Skyward will be the tenth Evergreen Refuge full-length since 2012. Thrown in a pair of splits and a live album, and one might guess that Dylan Rupe (Cuscuta, Arête), the lone individual behind the band, is one of those misanthropic bedroom black metal artists who churns out a couple of lo-fi releases a year.
It’s a reasonable guess, but it’s also incorrect.
The Colorado-based project has always been a bit difficult to pin down, in no small part because Evergreen Refuge has always eschewed vocals. Yet even with this purely instrumental approach, the deep reverence for nature – its power to heal, its potential as a destructive force – that forms the heart of Evergreen Refuge’s music has been clear and consistent, even as Rupe’s sound has proven variable. His earliest releases melded atmospheric black metal with post-rock and acoustic elements, which evolved into awe-inspiring excursions in blackened folk on the trilogy of Weminuchia, As the Fires Burn, and Embers.
With the exception of Embers, easily the heaviest album in Evergreen Refuge’s discography, Rupe has been in a more introspective mode on his last several outings, which have been largely acoustic affairs. Skyward sees him turn his contemplative gaze outwards, stepping out of the woods and into the expanses of space. It also introduces a new element to Evergreen Refuge’s sound, as ambient passages dominate the single song album’s 67-minute run time. In fact, the first guitar doesn’t appear until nearly twelve minutes into the track.
In some ways, the comparatively cooler tones of the album match its celestial source of inspiration, but like all of Evergreen Refuge’s music, there’s far more going on than simply that. As Rupe describes it:
“Many nights I have spent under the stars. I often dream about a world completely outside of civilization–its values, its beliefs, its stories. The stars make me dream of a world in which we have our own stories. One in which we look to the heavens not as that which has yet to be exploited, but rather in awe and wonder. We look to the stars for guidance. We look to the stars to look within.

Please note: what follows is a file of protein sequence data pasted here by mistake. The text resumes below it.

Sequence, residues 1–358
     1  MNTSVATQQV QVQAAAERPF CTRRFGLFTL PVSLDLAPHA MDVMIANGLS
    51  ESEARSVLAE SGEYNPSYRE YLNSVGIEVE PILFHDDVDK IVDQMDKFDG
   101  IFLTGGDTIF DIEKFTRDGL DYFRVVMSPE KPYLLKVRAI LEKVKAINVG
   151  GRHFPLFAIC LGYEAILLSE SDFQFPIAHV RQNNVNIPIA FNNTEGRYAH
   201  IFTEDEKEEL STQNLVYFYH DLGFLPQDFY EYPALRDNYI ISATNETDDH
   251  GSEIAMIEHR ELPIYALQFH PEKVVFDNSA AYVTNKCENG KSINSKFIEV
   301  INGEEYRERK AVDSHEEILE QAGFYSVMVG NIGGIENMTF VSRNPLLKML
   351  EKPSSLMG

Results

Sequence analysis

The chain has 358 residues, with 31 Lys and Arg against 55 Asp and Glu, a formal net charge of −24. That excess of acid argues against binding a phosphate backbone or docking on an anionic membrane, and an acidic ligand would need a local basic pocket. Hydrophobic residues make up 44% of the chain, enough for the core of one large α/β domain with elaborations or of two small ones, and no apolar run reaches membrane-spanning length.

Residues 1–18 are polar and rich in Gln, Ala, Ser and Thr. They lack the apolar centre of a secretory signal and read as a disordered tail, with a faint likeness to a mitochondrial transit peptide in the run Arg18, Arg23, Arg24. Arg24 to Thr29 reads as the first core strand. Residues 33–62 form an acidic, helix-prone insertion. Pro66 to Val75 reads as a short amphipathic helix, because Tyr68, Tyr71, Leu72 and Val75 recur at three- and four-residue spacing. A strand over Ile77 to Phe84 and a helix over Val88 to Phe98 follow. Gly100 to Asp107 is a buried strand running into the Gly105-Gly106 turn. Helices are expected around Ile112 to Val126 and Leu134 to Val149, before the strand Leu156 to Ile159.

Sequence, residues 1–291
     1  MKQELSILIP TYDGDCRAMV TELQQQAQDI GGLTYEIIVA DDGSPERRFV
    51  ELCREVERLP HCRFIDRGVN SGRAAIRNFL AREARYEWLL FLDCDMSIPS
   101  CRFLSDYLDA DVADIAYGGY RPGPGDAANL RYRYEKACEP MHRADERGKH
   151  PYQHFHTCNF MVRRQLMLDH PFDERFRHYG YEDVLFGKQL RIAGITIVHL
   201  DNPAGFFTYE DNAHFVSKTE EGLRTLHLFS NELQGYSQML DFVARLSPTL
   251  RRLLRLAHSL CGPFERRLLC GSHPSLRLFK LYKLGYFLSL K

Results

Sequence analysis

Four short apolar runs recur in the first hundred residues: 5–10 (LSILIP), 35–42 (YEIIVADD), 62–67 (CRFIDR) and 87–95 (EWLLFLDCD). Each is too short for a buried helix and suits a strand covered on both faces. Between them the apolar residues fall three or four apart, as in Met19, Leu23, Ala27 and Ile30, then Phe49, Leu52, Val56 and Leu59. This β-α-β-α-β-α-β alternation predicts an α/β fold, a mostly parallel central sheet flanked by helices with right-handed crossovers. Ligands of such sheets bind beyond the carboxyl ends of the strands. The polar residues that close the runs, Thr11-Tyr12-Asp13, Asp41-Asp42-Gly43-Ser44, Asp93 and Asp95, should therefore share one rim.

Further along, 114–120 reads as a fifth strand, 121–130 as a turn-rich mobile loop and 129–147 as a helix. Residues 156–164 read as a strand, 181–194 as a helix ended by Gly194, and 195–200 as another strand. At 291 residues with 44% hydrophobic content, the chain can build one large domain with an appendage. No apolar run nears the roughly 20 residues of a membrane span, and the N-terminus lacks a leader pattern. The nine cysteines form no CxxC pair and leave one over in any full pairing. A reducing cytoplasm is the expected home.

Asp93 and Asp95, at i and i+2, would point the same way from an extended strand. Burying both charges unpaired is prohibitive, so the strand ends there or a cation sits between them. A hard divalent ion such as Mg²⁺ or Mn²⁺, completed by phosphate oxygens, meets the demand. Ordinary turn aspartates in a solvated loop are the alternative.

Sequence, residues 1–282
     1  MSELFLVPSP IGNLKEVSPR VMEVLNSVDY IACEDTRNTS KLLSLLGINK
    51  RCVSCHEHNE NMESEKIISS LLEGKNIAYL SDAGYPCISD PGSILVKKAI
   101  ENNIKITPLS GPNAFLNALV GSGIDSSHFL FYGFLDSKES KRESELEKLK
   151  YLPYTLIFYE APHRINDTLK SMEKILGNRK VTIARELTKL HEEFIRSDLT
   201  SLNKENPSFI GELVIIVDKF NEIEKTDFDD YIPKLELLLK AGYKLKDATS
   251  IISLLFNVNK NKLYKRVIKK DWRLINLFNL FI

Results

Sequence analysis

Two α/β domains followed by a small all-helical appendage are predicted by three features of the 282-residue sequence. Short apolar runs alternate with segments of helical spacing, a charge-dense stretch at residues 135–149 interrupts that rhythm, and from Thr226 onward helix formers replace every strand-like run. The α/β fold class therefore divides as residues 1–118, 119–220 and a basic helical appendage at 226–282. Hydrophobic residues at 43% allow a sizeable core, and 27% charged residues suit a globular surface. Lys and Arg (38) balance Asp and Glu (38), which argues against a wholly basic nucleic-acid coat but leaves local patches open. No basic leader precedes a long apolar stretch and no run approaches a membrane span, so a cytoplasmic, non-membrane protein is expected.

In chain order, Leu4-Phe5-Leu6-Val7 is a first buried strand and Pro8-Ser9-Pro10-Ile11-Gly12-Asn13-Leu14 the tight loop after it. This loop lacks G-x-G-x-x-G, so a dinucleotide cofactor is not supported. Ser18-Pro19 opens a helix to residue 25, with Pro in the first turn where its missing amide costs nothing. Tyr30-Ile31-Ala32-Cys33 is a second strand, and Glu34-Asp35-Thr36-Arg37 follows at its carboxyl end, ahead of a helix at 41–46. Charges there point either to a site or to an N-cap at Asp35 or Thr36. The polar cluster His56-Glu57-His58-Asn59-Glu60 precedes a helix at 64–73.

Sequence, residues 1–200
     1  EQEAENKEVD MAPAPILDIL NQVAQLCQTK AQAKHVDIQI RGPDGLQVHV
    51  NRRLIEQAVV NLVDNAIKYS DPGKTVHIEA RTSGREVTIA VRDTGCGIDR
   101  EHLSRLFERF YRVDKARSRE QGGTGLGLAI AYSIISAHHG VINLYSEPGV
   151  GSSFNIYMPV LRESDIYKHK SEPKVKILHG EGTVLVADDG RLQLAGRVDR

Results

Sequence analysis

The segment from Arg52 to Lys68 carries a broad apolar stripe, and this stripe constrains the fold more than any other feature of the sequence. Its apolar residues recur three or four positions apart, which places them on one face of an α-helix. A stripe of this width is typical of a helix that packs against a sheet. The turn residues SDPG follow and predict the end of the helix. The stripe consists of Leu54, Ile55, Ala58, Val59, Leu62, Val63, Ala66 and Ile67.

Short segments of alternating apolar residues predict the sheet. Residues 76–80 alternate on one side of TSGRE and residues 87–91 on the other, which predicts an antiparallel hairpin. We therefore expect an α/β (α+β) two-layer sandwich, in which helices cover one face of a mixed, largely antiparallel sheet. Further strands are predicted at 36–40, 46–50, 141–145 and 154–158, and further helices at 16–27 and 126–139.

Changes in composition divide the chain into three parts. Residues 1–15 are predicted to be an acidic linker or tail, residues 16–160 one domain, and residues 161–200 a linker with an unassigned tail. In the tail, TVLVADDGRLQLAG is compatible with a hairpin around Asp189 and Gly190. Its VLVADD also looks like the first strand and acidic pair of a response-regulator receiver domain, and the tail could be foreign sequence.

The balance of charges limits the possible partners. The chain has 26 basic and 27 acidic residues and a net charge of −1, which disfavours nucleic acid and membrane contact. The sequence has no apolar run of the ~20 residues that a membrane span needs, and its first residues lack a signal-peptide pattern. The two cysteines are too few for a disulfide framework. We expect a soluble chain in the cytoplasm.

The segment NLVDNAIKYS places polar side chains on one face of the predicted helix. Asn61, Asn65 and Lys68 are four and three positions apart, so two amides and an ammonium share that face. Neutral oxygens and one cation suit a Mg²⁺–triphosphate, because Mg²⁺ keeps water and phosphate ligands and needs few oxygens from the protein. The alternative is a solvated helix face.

It has become somewhat of a cliché to claim that the stars are our origin, yet it is still wholly true. And indeed the cosmos are a macrocosm of many of the systems we see on this small place we call home. It is no wonder the stars have been at the heart of many culture’s creation stories throughout the world.
The universe is endless, which can make us feel insignificant. But to me it makes me feel significant. It allows me to understand the beauty of our existence and our ability to stargaze. It allows me to think about how amazing it is that I am here–that these trees, animals, water, fungi are all here. Yet I am overcome with the feeling that civilization itself is insignificant. Humanity has not been here all that long–civilization even less so–especially when you consider the vastness of that which is in the skies.
The vastness of the stars can inspire us. It can humble us.”
Skyward will be available on March 20 from A Moment of Clarity Recordings in three formats: digitally; a limited to 100 CD housed in a black Arigato pack, featuring art created by Derek Schultz and a four panel insert of photography by Infinite Forests and an edition of 50 blue cassettes within an o-card featuring photography by Infinite Forests, all housed in black brad packs sealed with gold wax and stamped with art on the front.
One track, over an hour long. That alone will either excite you to your core or put you off completely. Hopefully it is the former as Evergreen Refuge take us on the most incredible journey. It absolutely delivers on giving you the feeling of sitting under the stars, at peace with yourself and the universe.
However, it’s night and there is a chill in the air. The track slowly metamorphoses into something with a little bit of darkness around the edges. A soft guitar melody plays along in the background to the sounds of wonder before out of nowhere and quite unexpectedly, it hits hard.
Transformed into an atmospheric black metal style song, it’s exceptionally good but of course is far from the last overhaul this track will have.
Around about the 21 minute mark, we drop into ominous melody that sounds like a warning of things to come. The night sky is no longer comforting and the chill in the air is cutting deep. It builds and builds and builds until we can almost stand it no longer before erupting in horrid fuzziness that claws at the brain matter. Again, just when it seems as though it’s getting too much, Evergreen Refuge halts it all to go back to soft and slow melody. Truly outstanding and we’re only at the 30 minute mark.
More flashes of intensity and vehemence, more extraordinary mellowness and even more atmospheric heaviness continues to make Skyward required listening. It might be over an hour long but it doesn’t feel it at all.
As we reach the 53 minute mark, it seems as though it might be drawing to a close. The haunting and troubling sounds disappearing one by one until we’re left with nothing but a rhythmic thump and tin-whistle. Together, they combine to relax the mind and create a sense of peacefulness that you wouldn’t expect.
Only when the thump is left and the sound of wind picks up does it become clear that Evergreen Refuge aren’t done yet. Suddenly it doesn’t seem so peaceful as the beat increases in and other elements come back in. Leading to a final few minutes of tortured fuzz and screeching feedback before morose acoustic guitars wrap things up.
Wow. Simply wow.
Evergreen Refuge – Full Track Listing:
Evergreen Refuge - Skyward (A Moment of Clarity Records)
- The Final Score - 10/1010/10